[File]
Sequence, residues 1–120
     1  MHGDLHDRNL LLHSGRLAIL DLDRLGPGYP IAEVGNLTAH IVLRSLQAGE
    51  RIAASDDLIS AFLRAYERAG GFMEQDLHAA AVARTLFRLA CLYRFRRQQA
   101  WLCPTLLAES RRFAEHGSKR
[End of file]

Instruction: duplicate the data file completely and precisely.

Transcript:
Sequence, residues 1–120
     1  MHGDLHDRNL LLHSGRLAIL DLDRLGPGYP IAEVGNLTAH IVLRSLQAGE
    51  RIAASDDLIS AFLRAYERAG GFMEQDLHAA AVARTLFRLA CLYRFRRQQA
   101  WLCPTLLAES RRFAEHGSKR